In the first half of the 19th cent., the Catholic and apostolic character of the Church of England was strongly reaffirmed by the Oxford movement, which was led by John Keble and Edward Bouverie Pusey and also by John Henry Newman until he converted to Roman Catholicism. The Oxford movement—with its emphasis on ritual and its belief in the doctrines of apostolic succession and the Real Presence—gave new life and direction to the High Church tradition, which became known also as Anglo-Catholicism. At the same time the Broad Church movement was developing. It advocated liberal views in theology and biblical studies. Both of these movements challenged the position of the Evangelical, or Low Church, party, which emphasized the Bible and preaching and was the leading party of the church through the 19th cent.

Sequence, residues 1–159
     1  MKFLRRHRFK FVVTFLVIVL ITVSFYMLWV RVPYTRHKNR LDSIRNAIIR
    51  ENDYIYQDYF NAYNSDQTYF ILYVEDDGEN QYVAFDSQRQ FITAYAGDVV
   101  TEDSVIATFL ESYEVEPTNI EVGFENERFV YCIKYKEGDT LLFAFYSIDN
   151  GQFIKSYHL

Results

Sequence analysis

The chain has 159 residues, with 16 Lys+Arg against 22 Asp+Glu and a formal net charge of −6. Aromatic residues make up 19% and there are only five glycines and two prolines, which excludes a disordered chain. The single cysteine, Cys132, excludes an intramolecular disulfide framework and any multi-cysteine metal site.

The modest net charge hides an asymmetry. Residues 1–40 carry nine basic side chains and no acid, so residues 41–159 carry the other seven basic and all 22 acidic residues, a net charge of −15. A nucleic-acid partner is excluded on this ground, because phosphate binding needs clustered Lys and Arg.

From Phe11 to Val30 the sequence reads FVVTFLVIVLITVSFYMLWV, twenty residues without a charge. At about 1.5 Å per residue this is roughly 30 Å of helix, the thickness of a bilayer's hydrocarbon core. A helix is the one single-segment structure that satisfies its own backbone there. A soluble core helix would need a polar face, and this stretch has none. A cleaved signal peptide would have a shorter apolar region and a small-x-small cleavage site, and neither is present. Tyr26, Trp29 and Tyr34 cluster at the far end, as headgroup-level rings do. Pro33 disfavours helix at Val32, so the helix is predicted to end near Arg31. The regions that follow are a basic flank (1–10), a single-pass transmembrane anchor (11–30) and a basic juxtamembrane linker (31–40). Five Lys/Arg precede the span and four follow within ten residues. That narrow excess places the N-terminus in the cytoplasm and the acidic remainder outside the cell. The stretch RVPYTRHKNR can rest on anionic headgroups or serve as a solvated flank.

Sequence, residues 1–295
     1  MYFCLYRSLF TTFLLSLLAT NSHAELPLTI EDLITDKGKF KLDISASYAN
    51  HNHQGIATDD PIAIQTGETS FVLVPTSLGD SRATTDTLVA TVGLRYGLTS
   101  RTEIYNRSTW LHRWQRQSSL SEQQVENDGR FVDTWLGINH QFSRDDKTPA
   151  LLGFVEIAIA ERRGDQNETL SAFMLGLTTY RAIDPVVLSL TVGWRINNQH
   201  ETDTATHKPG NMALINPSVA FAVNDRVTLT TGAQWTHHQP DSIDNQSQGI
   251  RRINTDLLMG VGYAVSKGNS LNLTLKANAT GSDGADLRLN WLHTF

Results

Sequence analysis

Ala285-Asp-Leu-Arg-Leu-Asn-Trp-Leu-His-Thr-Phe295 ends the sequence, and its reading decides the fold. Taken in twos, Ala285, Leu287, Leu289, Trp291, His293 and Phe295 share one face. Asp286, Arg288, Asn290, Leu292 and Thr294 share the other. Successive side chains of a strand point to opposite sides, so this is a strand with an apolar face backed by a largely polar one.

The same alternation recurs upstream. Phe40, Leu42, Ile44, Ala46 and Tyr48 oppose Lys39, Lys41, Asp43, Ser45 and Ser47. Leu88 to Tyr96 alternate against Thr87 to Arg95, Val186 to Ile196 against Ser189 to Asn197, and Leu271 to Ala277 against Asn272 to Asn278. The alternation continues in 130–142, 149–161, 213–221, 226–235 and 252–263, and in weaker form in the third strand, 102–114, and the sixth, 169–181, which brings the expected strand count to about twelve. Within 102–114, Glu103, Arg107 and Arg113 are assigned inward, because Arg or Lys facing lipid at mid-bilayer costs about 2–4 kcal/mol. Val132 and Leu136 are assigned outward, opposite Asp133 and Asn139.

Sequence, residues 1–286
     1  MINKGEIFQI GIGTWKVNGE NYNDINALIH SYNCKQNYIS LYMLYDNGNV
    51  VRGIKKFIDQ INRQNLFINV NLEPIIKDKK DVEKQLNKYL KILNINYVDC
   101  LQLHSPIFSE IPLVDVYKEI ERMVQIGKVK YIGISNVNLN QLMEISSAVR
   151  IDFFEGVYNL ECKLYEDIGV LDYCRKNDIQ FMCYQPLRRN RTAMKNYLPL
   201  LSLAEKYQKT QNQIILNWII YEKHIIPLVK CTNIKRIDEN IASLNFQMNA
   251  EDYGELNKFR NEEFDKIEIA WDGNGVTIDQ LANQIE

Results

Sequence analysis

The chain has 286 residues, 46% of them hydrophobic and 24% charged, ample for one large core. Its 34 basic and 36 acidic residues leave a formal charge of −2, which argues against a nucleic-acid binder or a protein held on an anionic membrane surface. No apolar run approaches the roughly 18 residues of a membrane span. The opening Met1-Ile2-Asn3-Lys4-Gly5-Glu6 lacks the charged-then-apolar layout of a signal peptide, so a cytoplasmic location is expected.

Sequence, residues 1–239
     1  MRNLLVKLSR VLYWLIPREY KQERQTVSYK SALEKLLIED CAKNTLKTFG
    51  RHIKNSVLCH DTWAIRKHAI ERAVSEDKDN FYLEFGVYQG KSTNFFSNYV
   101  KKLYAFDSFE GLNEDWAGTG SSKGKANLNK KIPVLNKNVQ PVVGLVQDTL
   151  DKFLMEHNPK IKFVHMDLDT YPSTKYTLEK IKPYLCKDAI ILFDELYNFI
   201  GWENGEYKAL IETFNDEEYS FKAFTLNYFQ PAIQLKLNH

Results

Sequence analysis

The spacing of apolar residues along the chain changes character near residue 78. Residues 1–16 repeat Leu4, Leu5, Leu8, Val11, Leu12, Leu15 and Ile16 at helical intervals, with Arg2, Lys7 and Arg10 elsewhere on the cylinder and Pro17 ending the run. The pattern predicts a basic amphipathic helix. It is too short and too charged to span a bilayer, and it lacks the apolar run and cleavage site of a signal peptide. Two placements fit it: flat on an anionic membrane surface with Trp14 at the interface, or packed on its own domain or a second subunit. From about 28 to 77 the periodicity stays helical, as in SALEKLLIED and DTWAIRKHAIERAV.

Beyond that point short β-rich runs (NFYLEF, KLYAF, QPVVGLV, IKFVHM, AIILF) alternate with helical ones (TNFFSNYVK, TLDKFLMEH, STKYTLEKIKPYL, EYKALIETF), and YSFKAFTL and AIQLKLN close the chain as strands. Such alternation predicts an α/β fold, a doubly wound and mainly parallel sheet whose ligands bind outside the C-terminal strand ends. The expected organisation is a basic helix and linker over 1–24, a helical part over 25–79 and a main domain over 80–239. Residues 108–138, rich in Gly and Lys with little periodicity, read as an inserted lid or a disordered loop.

In the 20th cent. the Church of England became involved in revision of canon law and the prayer book, in church building, in attempts to minister to the world of industry (e.g., the Sheffield Industrial Mission), and in the ecumenical movement. The traditional divisions within the church remain, though the focus of their disagreements have changed. The issue of homosexuality among the clergy has been divisive, and the selection of a celibate gay priest as a candidate for bishop of Reading in 2003 led to a sometimes bitter public fight over the choice that was only resolved when the candidate decided to withdraw his name. In 2012 the church's bishops, however, approved the candidacy of celibate gay priests for the episcopate. Traditionalists within the church also have objected to the consecration of women as bishops; the general synod narrowly failed to approve women bishops in 2012. The current archbishop of Canterbury is Justin Welby.